Online forums exist for every imaginable interest. From entertainment options, like fantasy, sci-fi, or romance, to self-help to personal finance, like stock or real estate investing. In the earliest days of the internet, these took the form of Usenet newsgroups and in modern times they take the form of subreddits, forums attached to a blog, and Facebook groups.
When an author is trying to figure out how to sell copies of the books they’ve written, one of the first ideas they have is to go to forums dedicated to the same topic as their book and tell the participants about it. On the surface, this makes perfect sense! They’re interested in the topic, so they should be delighted to hear about a new book devoted to it.
In reality, such authors are the last in a long string of people who have shown up in the forum, tried to hawk their wares, then disappeared in varying levels of obnoxiousness. Often the best response you can hope for is to be ignored, with outright hostility being quite common.
Bloggers were quite bad at doing this, back in the heyday of blogging, to the point that many forums have rules specifically against “blogspam” (bloggers posting links to their posts).
How To Market To Forums
The party line is that you’re supposed to integrate yourself into these communities. Talk to them about the shared interest and contribute as a participant. Over time, once you’ve become an established member, when it’s appropriate to the topic at hand, you can slide a reference to your book into a discussion and hope the community will support it. Alternatively, you can sometimes include a “signature” to your posts that describes your book and has a link to it.
Of course, given such an ambiguous norm, different members will judge how established a member you are and whether or not your actions are appropriate differently. The reality is that in a community of any decent size, you’re very likely to attract hostility and anger from participants no matter how appropriate your book is and how carefully you follow the rules.
I’ve found that getting told off by angry people is part of the cost of trying to engage in this way. I felt out different communities, read the rules carefully, and backed off when I get the feeling that there are a number of participants who aren’t happy that I’m there. My impression has been that other authors get a similar reception.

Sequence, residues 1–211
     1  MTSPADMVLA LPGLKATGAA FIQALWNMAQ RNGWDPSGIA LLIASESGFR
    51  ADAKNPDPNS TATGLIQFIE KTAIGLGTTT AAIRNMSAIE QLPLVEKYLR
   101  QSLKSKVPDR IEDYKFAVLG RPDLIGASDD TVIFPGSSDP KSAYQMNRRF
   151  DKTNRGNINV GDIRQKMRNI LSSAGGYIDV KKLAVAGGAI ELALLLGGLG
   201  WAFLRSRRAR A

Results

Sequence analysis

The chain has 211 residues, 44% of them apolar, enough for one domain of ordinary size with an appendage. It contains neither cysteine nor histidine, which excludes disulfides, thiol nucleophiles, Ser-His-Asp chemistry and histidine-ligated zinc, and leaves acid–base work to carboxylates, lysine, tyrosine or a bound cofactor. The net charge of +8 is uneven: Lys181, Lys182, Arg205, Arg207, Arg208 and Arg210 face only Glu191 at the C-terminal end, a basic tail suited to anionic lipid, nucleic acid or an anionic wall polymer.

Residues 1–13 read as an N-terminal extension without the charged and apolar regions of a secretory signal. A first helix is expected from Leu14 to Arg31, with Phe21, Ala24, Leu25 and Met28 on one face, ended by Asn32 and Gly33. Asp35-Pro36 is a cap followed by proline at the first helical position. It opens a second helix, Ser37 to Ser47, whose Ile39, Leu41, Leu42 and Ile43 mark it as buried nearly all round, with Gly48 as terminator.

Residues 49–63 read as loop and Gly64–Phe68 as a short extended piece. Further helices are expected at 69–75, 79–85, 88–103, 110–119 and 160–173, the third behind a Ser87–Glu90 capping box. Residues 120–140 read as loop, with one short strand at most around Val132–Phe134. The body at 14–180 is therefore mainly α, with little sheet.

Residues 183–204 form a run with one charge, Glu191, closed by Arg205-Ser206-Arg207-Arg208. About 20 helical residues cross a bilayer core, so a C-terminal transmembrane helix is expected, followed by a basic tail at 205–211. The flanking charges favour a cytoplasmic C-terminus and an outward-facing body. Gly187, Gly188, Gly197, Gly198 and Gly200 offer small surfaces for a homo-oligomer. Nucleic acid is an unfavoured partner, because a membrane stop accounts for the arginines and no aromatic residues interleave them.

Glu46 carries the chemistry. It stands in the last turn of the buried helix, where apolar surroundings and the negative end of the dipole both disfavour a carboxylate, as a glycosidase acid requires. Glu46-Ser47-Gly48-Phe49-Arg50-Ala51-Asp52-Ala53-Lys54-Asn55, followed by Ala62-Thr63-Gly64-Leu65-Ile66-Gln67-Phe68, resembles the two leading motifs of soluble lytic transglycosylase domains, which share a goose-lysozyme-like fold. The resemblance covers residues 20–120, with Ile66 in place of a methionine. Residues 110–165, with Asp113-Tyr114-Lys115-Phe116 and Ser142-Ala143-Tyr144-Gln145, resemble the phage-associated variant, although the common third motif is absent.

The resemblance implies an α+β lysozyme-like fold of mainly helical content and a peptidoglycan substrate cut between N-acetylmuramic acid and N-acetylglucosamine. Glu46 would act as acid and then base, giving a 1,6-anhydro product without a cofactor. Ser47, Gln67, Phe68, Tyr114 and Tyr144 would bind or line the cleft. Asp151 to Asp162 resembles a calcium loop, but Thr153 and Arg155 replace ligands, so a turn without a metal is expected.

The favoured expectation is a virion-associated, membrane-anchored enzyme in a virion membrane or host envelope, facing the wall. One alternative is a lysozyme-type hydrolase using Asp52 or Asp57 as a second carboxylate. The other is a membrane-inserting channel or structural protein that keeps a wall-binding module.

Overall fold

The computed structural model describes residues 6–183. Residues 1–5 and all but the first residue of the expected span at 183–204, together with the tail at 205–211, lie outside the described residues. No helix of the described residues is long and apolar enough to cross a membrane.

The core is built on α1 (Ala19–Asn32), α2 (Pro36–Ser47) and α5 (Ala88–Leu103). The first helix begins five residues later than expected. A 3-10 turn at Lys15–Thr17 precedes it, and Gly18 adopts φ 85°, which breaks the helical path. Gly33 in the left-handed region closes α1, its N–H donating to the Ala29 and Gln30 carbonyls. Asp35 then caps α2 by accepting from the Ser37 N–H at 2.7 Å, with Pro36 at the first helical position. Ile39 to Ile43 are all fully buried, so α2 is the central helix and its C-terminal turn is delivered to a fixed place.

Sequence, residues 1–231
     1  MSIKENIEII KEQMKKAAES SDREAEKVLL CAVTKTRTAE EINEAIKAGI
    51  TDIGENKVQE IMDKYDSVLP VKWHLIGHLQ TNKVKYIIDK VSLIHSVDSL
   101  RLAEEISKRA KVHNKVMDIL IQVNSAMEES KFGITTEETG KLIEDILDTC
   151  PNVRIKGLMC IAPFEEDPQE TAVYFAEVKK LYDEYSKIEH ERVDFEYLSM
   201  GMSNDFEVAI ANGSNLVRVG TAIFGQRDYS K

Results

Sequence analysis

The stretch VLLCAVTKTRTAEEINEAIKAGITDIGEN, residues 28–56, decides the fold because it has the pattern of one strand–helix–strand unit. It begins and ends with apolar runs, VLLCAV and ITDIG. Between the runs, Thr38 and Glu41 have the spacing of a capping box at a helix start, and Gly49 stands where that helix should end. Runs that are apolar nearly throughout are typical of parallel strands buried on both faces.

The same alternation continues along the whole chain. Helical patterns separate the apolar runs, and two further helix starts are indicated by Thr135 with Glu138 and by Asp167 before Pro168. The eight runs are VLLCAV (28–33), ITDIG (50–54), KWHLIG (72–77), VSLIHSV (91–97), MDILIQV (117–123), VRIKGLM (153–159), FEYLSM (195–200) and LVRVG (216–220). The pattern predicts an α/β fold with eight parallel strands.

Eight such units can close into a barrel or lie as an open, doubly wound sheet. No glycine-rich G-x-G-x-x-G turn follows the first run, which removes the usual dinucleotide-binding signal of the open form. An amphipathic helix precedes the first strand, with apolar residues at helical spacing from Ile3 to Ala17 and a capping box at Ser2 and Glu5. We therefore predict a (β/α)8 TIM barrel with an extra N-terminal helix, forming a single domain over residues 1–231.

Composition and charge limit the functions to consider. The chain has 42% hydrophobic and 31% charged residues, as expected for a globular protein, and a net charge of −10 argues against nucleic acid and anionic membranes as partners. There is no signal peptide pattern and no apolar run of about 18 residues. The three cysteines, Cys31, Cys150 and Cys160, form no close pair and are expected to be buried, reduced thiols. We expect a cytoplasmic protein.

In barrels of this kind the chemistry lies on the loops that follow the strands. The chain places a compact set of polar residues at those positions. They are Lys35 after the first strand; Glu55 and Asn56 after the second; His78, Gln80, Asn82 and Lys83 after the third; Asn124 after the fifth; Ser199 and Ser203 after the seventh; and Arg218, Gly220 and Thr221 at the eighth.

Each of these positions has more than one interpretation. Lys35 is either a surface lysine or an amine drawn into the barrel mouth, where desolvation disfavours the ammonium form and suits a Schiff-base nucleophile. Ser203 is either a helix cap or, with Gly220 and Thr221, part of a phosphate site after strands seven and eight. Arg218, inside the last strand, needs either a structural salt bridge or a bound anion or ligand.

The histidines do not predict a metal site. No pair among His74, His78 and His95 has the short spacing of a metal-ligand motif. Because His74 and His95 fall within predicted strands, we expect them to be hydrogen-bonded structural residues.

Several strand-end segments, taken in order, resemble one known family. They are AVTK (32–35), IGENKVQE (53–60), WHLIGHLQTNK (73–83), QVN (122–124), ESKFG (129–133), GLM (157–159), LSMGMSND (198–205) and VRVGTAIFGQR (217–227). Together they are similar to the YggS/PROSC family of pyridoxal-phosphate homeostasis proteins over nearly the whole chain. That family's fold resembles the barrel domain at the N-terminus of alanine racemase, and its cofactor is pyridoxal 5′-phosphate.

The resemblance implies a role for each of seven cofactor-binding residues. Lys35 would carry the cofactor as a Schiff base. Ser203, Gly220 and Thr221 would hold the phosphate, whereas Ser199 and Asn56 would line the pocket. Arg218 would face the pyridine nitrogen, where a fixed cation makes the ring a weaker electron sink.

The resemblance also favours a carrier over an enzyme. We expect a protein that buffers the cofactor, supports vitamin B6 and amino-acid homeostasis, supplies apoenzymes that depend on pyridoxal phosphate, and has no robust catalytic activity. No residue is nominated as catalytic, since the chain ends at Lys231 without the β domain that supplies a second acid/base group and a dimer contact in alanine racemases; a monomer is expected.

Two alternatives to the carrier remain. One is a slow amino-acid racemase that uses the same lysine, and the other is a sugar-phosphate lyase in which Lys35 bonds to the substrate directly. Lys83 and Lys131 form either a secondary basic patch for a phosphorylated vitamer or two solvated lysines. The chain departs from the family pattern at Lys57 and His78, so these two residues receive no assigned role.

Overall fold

The only communities I’ve found that are useful to market to long term have been non-fiction (I have books on negotiation and real estate investing). I post in response to someone who has exactly the problem my book is about. Even then, at least half the time I’ve gotten a hostile reaction and left. Sadly, the person with the problem usually appreciates the response and buys my book, but other members of the community lash out.
Almost all forums have some sort of moderator. A person with special privileges and powers to keep the place running smoothly. These are unpaid positions and attract the worst people to put in charge – people who crave unearned authority. Like a tyrannical HOA president, they get off on having power over the other participants.
I’ve often felt that putting up with power-mad moderators is the biggest price, besides time, for chatting in online communities.
If you suck up to the moderators, often time you can win them over. One community I was in got annoyed at a YouTube creator who kept posting his content. He’d made friends with the moderator however, and the moderator posted a scathing screed about how the YouTuber had been treated badly, cursed out a large segment of the community, and banned some prominent members.
Sucking up to such people isn’t a price I’ve been willing to pay.
Online forums don’t bring out the best in people. Often innocuous discussions can set off unhinged people who will grossly overreact. If you consider a crazy, one-in-a-thousand person, a discussion forum with 13,729 participants will have at least 13 of them.
What this can mean, as an author, is that these people might try to retaliate or take revenge against you. If you use a pen name, they may go and leave you bad reviews. If you write under your own name they might do something insane like bad mouth you to your employer or make up complaints against you to your municipality (zoning infractions or such things).
The biggest benefit to this style of marketing is the price, of course. It’s free, except for your time. This makes it a big draw for authors trying to find their first readers.